In Chroma, click on Load Model and select the .gcode file you just made. Chroma will pause and analyze it for a few moments. When finished, it will display a preview of the model plus a transition tower. Clicking on the colored circles next to the four material selections at the top will allow you to change the colors of the model. (These serve to inform you and Chroma which colors are which — you, so you can load the correct filaments, and Chroma, so it can estimate how long the transitions need to be, based on the starting and ending colors. The splicer itself can’t tell colors or materials apart; differences are specified here manually.)
Planning the colors and transition tower in Chroma. (The same size tower can serve for multiple copies of a part.)
This not only helps you visualize what the final print will look like, but gives Chroma some information about how long to make the transitions. Going from light to dark filament happens quickly, for instance — but going from dark to light can take more time, as the darker color is visible for much longer.
When you click Save for Printer, Chroma will output two files: a file ending in .msf for the Palette+ autosplicer, and a modified .msf.gcode file to be printed. The .msf file is loaded onto a SD card to be put into the Palette+, since the Palette+ only has USB support for firmware upgrades, and is basically a standalone unit. Once the SD card is loaded and the file is selected under the Multicolor menu, the Palette+ will start producing filament after a few minutes’ warm-up time.
The .msf file goes on the Palette+’s SD card. Print the new .msf.gcode file, not the original one!
The .gcode file needs to be printed as usual — via SD card or Raspberry Pi or whatever. Simplify3D can still be used to preview the print in real time, provided you reload the new .gcode file using the “Preview .gcode file” option in the File menu. (The .msf script file controlling the autosplicer will expect the extra usage from the transition tower, as well as the included commanded pauses, so don’t print the original .gcode file.)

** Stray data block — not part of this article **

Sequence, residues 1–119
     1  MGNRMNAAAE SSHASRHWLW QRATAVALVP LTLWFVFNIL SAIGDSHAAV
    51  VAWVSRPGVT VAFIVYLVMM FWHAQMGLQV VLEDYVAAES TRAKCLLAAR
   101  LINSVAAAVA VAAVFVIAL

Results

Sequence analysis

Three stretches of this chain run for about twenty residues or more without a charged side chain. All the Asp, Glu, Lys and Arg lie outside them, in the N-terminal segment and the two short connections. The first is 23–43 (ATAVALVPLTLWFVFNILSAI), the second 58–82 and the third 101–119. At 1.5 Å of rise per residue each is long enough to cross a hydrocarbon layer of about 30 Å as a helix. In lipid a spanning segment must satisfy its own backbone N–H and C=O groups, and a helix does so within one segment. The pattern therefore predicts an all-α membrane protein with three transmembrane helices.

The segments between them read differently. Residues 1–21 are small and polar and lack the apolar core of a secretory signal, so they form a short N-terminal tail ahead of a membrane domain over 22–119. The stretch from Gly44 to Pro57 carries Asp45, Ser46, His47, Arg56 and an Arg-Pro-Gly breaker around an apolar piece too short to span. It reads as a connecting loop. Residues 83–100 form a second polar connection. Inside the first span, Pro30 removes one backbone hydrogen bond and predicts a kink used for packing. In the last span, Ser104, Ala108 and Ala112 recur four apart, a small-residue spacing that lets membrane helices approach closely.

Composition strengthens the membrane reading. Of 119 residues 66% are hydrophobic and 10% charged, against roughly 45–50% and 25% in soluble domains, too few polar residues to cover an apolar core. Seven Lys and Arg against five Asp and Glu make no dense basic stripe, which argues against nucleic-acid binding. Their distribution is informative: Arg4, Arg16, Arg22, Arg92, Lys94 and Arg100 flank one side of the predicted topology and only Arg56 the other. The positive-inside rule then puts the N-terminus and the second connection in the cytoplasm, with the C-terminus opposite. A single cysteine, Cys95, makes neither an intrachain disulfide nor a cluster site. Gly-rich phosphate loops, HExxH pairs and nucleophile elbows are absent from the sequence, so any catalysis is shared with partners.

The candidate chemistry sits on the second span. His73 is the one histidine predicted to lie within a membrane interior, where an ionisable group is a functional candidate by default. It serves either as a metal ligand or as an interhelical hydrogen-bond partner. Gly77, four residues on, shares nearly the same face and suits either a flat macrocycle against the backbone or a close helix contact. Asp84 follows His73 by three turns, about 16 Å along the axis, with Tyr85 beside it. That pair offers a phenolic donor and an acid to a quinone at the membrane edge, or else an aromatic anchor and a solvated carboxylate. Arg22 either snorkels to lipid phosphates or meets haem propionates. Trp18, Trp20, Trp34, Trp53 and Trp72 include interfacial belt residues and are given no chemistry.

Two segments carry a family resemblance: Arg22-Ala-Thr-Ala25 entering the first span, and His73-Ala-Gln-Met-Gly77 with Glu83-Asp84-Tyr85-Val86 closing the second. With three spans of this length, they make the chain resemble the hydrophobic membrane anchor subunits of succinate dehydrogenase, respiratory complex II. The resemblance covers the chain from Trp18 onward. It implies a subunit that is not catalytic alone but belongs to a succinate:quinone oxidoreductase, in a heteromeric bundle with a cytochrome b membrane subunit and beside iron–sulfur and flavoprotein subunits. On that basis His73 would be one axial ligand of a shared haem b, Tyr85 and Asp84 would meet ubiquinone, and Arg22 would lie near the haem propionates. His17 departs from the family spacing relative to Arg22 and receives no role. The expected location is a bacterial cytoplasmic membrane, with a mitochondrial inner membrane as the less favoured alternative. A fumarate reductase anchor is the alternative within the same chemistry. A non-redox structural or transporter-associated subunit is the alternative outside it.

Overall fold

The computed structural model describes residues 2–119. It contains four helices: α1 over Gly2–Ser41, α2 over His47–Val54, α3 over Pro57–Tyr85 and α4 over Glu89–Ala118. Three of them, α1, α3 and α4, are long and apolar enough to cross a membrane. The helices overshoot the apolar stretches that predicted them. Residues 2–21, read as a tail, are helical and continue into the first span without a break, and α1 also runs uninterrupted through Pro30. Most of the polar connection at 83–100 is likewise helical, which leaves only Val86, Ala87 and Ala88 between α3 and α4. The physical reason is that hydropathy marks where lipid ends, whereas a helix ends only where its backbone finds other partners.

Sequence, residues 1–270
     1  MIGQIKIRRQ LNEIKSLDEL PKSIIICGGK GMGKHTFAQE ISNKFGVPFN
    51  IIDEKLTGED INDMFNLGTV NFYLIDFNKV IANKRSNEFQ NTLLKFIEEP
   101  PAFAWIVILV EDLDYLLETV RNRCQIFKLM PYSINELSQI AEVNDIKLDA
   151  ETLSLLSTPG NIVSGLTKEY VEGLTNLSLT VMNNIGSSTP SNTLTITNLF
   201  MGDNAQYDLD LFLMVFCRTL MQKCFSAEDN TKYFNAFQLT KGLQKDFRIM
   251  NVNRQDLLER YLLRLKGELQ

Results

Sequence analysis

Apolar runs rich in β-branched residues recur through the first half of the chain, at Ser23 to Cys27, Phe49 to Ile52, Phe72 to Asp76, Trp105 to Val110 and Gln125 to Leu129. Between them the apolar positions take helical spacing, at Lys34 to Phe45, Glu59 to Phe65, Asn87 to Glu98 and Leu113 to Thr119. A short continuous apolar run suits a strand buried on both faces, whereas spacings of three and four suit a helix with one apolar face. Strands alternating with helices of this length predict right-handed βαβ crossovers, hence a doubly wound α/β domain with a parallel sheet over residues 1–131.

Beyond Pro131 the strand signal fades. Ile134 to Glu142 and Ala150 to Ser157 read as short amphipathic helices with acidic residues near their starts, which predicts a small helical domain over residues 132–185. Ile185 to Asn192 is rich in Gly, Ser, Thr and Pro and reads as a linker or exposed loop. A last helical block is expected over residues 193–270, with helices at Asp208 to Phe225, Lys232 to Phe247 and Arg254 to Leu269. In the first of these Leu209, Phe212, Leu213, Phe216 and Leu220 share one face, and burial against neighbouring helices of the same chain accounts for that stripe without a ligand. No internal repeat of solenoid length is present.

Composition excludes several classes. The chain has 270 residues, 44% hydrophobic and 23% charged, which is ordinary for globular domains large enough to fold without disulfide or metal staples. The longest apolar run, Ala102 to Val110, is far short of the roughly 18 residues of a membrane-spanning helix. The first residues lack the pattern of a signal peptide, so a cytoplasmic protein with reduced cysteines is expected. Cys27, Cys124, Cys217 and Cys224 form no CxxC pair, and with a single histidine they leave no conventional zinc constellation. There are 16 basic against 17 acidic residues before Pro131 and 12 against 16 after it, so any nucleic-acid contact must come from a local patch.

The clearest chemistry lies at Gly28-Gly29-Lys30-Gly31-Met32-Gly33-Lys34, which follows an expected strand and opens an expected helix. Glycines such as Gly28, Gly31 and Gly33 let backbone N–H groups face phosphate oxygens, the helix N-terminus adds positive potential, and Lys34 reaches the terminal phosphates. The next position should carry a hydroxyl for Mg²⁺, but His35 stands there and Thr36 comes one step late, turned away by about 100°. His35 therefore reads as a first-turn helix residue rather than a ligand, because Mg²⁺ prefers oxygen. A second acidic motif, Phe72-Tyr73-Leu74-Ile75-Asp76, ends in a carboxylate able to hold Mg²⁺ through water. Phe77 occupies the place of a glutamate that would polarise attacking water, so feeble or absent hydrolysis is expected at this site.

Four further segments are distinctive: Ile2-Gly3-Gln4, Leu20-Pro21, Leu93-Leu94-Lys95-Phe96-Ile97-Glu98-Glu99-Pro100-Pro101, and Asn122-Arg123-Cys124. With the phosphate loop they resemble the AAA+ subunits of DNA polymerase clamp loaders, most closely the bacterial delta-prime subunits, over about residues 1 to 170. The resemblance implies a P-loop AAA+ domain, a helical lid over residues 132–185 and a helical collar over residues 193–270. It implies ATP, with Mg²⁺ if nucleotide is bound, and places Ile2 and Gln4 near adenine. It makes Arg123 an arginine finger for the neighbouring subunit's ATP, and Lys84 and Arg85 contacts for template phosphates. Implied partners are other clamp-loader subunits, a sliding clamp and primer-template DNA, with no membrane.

Once the .msf.gcode file is ready to print, the filament is loaded into the printer, passing through a distance measuring device to precisely monitor filament usage. The Palette+ will guide you as to the correct length of filament to feed into the printer. It will also judge how good a job you do; apparently an 0.3mm loading error (well within tolerances) is “Superb” loading. (I think I recall it deeming some of my first tries merely “acceptable.”)
The printer and splicer will then work together to produce the right lengths of each color of filament: calibrated pauses are built into the .gcode, causing the printer to periodically stop using filament for a few seconds at a time. The Palette+ detects this and uses this information to keep track of where the printer is in the print. It then adjusts the amount of filament produced so the transitions happen where they should.
The coin and its transition “tower.” (These are always the same height as the last color transition in the model.)
The process is definitely more involved than for single-color prints, but the results can be impressive.
Benchy Of Unusual Size.
It’s a surprisingly reliable process, if a bit complicated. Once I figured out that the filament has to stay dry in order to splice reliably, the Palette+ has been one of the most reliable parts of the printing process. (The new Palette2 does have USB control capability when used with the new Palette Hub.)